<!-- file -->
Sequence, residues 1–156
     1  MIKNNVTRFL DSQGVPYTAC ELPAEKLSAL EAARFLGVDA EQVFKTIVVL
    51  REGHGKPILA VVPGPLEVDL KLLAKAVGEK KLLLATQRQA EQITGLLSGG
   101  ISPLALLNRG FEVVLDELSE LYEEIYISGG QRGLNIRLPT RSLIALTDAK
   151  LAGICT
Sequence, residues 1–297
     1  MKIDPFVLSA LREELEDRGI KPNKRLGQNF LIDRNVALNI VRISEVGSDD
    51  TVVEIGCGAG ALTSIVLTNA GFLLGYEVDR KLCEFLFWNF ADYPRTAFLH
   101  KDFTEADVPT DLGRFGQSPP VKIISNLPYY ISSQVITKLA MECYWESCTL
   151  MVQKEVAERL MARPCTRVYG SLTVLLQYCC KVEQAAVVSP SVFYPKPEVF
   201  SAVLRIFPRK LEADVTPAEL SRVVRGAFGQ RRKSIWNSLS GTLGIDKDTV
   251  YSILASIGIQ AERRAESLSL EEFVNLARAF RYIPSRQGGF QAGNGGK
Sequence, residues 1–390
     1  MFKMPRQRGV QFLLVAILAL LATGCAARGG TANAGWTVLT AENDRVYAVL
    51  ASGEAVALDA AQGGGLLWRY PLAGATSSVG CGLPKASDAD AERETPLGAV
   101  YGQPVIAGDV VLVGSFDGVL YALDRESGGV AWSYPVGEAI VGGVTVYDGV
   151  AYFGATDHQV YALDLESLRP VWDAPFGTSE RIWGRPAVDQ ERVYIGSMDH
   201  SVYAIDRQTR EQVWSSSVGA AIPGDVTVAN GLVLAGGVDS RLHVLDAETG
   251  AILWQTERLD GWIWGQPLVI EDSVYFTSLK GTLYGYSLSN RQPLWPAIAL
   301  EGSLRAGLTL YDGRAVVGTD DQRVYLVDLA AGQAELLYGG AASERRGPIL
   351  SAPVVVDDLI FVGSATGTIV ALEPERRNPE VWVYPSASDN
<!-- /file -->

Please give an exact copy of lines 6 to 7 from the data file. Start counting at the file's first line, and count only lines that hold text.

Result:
Sequence, residues 1–297
     1  MKIDPFVLSA LREELEDRGI KPNKRLGQNF LIDRNVALNI VRISEVGSDD